CDC statement on updated recommendations leaves more confusion than clarification

by mcardinal

Lauren Dempsey, MS in Biomedicine and Law, RN, FISM News 

 

The CDC issued a clarifying statement through its website on Tuesday on the rationale behind shortening COVID quarantine recommendations a week ago. The organization cited a better understanding of the Omicron variant, saying “a review of 113 studies from 17 countries, show that most SARS-CoV-2 transmission occurs early in the course of infection” as the reason for these updates.

This explanation was issued days after Dr. Anthony Fauci suggested the agency may reconsider their stance on requiring a negative test prior to breaking quarantine. The CDC rebutted these suggestions stating that they will not require a negative COVID-19 test to end isolation or quarantine.

They did however, give a plug for self-testing, similar to those of director Rochelle Walensky a day earlier. “If an individual has access to a test and wants to test, the best approach is to use an antigen test towards the end of the 5-day isolation period,” the agency said.

Last week the CDC changed COVID-19 quarantine and isolation guidance for the general public. For all individuals who test positive for COVID-19, regardless of vaccination status, the new recommendation is 5 days of isolation. If no symptoms develop “or are resolving after 5 days, you can leave your house,” but you should continue to wear a mask for an additional 5 days. 

The CDC continues to have sliding recommendations on masking based on one’s vaccination status. For fully vaccinated individuals that have been exposed to COVID-19 who have also received the recommended booster shot, the guidelines advise that individuals wear a mask for 10 days and get tested on day 5. For those who have not received a booster or are unvaccinated it is recommended that individuals quarantine for 5 days and wear a mask around others for an additional 5 days, however if quarantining is not feasible, individuals should wear a mask for 10 days. In both situations testing on day 5 is recommended and if any symptoms develop individuals should stay home and get tested.  

The guidance says that the changes are based on “science demonstrating that the majority of SARS-CoV-2 transmission occurs early in the course of illness, generally in the 1-2 days prior to onset of symptoms and the 2-3 days after.” Similar changes were made to how long healthcare workers who are infected or exposed to COVID-19 must quarantine or isolate. “Healthcare workers with a COVID-19 infection who are asymptomatic can return to work after 7 days with a negative test” and those “who have received all recommended COVID-19 vaccine doses, including a booster, do not need to quarantine at home following high-risk exposures.”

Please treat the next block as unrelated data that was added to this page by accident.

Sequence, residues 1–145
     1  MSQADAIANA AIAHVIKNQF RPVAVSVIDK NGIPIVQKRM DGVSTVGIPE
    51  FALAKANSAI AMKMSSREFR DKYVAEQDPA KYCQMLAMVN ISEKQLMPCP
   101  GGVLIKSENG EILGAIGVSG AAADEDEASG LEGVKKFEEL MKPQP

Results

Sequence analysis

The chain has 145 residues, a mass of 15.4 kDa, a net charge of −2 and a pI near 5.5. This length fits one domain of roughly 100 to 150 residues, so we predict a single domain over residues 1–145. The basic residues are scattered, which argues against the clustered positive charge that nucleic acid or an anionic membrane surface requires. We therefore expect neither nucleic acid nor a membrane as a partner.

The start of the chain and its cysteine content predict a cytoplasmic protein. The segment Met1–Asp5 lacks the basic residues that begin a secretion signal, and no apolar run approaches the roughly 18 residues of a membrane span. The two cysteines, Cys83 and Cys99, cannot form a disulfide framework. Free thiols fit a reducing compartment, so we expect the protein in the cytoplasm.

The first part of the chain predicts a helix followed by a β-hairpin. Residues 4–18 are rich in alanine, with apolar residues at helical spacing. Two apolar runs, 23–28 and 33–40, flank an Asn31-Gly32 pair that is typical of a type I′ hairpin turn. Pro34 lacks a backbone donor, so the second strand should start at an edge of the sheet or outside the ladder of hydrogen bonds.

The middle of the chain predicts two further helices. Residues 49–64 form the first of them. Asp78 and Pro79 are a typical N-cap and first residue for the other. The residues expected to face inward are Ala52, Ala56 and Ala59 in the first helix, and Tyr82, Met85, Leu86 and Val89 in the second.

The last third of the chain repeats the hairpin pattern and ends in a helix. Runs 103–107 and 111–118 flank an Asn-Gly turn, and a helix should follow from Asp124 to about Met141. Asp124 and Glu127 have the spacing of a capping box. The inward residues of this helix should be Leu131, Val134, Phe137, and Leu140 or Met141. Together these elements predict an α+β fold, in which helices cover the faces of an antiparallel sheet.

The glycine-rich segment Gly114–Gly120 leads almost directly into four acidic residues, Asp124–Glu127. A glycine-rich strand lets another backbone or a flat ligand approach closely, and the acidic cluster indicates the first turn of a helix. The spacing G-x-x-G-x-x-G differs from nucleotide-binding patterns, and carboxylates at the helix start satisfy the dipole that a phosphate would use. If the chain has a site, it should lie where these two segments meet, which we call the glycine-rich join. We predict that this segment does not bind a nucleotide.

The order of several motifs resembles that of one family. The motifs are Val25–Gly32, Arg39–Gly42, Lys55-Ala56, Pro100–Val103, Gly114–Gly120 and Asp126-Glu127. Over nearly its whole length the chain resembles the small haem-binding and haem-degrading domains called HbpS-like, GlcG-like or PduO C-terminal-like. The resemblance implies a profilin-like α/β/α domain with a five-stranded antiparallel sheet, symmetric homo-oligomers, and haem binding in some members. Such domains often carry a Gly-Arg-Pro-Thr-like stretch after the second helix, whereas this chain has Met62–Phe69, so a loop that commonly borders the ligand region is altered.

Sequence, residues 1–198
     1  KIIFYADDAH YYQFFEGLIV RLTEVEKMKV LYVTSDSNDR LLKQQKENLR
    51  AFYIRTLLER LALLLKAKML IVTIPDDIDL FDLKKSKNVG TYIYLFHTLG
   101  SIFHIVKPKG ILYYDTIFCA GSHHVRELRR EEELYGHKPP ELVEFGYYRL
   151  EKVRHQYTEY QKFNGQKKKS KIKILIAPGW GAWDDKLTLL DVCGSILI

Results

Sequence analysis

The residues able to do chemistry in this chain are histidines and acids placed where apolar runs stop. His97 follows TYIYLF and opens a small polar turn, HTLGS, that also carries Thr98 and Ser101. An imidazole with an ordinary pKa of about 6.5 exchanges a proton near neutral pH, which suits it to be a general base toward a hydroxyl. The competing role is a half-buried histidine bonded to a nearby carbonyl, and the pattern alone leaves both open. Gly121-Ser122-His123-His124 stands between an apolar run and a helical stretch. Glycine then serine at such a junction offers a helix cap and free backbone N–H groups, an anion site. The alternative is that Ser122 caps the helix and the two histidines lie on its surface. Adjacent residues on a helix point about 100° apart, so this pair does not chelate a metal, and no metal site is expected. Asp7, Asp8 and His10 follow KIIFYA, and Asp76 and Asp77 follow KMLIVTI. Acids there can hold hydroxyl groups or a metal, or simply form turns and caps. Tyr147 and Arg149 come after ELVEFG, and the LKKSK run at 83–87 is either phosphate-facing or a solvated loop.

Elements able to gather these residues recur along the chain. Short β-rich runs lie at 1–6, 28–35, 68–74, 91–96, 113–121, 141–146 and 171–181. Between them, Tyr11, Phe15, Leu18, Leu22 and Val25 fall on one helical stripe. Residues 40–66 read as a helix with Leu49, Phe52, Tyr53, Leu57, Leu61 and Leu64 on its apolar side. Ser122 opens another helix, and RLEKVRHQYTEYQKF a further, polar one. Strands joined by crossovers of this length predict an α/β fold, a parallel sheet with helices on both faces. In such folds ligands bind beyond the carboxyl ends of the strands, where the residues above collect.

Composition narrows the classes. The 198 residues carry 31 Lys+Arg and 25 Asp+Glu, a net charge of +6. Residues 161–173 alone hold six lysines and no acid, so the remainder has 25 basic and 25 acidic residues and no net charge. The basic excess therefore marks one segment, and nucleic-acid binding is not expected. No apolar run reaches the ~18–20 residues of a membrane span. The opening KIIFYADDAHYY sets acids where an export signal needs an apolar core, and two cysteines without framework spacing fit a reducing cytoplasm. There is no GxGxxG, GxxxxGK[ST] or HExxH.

Many see the updated recommendations as a strategy to avoid potential staffing crisis, especially as hospitals have terminated employees who did not comply with vaccine mandates. These changes allow isolation periods to be shortened for COVID-19 infected staff to return to work to meet staffing demands. 

Dr. Fauci told CNN’s Jim Acosta that these new measures will “get people back to the jobs, particularly the essential jobs, to keep society running smoothly.”  

The Pennsylvania Department of Health has updated similar guidelines for its healthcare facilities with staff that are confirmed or suspected to have a COVID-19 infection, allowing providers to return to work after 7-10 days or following a negative testm48 hours before they return to work, if they are fever free for at least 24 hours, and symptoms are resolving.

Infected workers “who feel well enough to work, but have not fully recovered from illness” may return, but this is a “a decision that can only be made by the healthcare worker.” To avoid a staffing crisis, COVID-19 infected providers may return to work where they do not interact with others, and in some cases may provide care to COVID-10 infected patients or presumed positive patients, and as a last resort may provide direct care to all patients, although this should be used as a “bridge to longer term strategies.”

This is concerning as prevention measures are not 100% effective in preventing transmission and vaccinated individuals can easily catch and spread the virus to others. This begs the question, “Why is it that we fired essential workers for failure to comply with vaccine mandates, but are now allowing infected healthcare providers to take care of our most vulnerable members of society?”

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